South African authorities on Friday reburied nine men hanged by the apartheid government in 1961 in one of the darkest episodes of the country’s racially divided past. Known as the “Cato Manor Nine,” the group were executed for allegedly killing nine police officers in clashes sparked by raids at a township in KwaZulu-Natal province.
Hailed by the anti-apartheid movement as heroes, the nine were buried in unmarked graves in the capital Pretoria, some 640 kilometre away. Their remains were exhumed last December last year by the Justice Department’s Truth and Reconciliation Commission Unit, supported by specialists in missing persons working for National Prosecuting Authority. They were reburied with honour on Friday at Heroes Arch in Chesterville – the resting place in KwaZulu-Natal for many apartheid activists and musicians.
“It has been 60 years since the death of these nine heroes and our country has seen 25 years of democracy,” said Justice Minister Ronald Lamola at a ceremony to hand over the remains to relatives.
“As we return the mortal remains of the nine martyrs to their families, we are reminded that the freedoms we enjoy today came at a fatal cost. The nine comprise Thembinkosi Mthembu; Fanozi Mgubungu; Msayineke Khuzwayo; Sililo Miya; Payiyana Dladla; Mahemu Goqo; Maqandeni Lushozi; Thompson Chamane and Mhlawungeni Khuzwayo.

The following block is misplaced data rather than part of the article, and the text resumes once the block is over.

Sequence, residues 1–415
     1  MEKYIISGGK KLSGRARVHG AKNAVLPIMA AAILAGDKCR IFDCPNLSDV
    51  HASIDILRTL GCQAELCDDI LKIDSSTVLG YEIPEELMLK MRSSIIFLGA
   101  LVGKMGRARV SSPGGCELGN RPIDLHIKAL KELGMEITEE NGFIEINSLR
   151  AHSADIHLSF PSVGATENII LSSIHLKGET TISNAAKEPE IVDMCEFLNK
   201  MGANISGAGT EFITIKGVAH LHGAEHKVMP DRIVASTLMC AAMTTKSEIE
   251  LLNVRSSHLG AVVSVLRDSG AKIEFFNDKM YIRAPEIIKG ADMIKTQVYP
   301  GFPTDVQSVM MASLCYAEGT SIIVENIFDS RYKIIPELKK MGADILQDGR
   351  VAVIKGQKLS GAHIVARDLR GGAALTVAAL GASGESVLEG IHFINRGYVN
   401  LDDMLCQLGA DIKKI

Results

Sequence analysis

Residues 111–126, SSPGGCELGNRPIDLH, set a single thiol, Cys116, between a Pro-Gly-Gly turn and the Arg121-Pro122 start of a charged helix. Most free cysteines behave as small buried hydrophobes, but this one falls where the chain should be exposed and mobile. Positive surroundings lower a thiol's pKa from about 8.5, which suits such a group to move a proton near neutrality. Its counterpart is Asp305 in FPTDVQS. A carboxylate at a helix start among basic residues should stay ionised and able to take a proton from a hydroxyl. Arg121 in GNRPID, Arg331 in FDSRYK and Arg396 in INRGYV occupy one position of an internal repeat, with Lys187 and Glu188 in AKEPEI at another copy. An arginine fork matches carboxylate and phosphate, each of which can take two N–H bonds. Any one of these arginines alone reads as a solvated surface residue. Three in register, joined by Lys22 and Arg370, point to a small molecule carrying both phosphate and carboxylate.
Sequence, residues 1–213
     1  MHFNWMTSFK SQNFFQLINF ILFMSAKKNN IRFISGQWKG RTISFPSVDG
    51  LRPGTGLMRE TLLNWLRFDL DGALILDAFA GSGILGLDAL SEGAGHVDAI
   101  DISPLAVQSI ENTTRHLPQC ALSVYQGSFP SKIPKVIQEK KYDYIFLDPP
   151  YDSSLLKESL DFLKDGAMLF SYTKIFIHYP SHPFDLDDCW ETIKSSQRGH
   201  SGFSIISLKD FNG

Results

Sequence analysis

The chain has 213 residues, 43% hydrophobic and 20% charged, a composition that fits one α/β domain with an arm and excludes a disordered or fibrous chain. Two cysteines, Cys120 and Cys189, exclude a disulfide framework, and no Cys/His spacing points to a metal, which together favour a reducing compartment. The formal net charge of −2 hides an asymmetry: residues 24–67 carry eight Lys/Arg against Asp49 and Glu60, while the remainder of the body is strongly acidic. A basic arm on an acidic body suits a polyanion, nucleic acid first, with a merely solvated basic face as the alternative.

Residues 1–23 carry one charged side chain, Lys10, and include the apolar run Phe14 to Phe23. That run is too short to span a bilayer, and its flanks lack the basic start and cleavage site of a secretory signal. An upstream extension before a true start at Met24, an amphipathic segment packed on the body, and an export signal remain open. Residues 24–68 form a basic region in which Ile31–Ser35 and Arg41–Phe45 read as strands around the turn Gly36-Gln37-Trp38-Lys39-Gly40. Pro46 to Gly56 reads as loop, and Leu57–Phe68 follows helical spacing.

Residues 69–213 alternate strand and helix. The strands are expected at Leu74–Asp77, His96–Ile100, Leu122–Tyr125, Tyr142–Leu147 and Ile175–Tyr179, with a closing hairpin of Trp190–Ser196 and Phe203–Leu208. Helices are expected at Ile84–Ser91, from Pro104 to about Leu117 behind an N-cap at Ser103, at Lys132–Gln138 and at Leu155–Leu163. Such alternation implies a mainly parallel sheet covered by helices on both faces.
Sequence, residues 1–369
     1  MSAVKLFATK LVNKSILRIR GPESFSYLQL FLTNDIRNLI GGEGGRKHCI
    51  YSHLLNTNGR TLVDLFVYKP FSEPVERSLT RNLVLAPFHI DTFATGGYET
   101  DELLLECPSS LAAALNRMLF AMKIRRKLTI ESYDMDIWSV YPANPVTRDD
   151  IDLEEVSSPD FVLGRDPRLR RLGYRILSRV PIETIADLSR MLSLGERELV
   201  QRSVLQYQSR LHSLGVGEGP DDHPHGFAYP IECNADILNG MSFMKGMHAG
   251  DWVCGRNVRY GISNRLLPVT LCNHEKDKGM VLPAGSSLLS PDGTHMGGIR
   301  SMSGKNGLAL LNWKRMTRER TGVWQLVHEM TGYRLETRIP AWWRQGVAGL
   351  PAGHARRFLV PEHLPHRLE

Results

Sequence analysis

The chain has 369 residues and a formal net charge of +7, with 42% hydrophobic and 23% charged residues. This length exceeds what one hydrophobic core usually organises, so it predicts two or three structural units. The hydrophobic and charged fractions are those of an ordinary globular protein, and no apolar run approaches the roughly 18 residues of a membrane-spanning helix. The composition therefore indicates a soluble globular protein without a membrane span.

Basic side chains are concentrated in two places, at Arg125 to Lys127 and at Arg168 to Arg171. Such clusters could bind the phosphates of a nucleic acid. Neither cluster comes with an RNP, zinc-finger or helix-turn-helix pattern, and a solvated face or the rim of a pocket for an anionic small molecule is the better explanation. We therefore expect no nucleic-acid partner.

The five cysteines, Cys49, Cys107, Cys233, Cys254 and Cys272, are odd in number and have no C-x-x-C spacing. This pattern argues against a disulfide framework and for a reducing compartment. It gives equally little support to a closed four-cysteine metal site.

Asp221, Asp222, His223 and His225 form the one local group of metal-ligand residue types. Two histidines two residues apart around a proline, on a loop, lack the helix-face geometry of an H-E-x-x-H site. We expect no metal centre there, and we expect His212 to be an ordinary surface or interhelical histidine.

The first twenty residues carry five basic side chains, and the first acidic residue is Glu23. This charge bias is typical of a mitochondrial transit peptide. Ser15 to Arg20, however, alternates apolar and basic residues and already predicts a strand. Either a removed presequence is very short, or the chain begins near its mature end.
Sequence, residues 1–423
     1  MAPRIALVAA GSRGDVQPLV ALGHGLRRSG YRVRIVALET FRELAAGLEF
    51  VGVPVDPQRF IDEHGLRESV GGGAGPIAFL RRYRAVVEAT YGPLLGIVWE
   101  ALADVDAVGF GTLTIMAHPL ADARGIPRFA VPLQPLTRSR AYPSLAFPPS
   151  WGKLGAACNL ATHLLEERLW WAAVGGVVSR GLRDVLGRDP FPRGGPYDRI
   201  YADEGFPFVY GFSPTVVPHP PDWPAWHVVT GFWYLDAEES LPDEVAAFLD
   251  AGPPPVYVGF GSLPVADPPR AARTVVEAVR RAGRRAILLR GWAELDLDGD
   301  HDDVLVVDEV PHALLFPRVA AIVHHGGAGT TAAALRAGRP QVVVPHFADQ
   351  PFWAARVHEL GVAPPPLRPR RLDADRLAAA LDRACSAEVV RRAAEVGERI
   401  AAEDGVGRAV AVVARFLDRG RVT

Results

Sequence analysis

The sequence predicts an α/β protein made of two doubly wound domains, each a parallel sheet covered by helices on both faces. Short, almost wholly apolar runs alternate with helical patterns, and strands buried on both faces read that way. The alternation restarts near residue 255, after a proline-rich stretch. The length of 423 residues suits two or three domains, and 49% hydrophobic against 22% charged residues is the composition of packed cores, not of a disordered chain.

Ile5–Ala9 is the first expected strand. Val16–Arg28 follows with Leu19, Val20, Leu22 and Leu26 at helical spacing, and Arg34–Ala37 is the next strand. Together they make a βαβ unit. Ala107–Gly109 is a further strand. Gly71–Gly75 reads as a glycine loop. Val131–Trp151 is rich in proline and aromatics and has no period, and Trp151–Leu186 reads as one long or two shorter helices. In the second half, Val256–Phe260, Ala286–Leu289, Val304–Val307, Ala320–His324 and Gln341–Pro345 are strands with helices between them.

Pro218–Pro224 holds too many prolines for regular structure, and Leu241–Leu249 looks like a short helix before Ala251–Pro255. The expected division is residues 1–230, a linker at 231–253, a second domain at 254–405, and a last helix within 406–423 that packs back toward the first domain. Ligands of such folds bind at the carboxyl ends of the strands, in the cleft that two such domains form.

Under apartheid, rule by the white minority was entrenched by law and brutally enforced by agents of the state. Black South Africans faced denial of fundamental rights and discrimination in many forms. Today, many are still searching for loved ones who went missing before apartheid was scrapped in 1994, and who may have been abducted or killed by police or their agents.
The reburial coincided this week with the start of an inquest into the death of the first white anti-apartheid activist to die in police custody. Doctor and trade unionist Neil Aggett was detained in 1981. He was found dead on February 5, 1982 after he allegedly hanged himself with his scarf in his prison cell.
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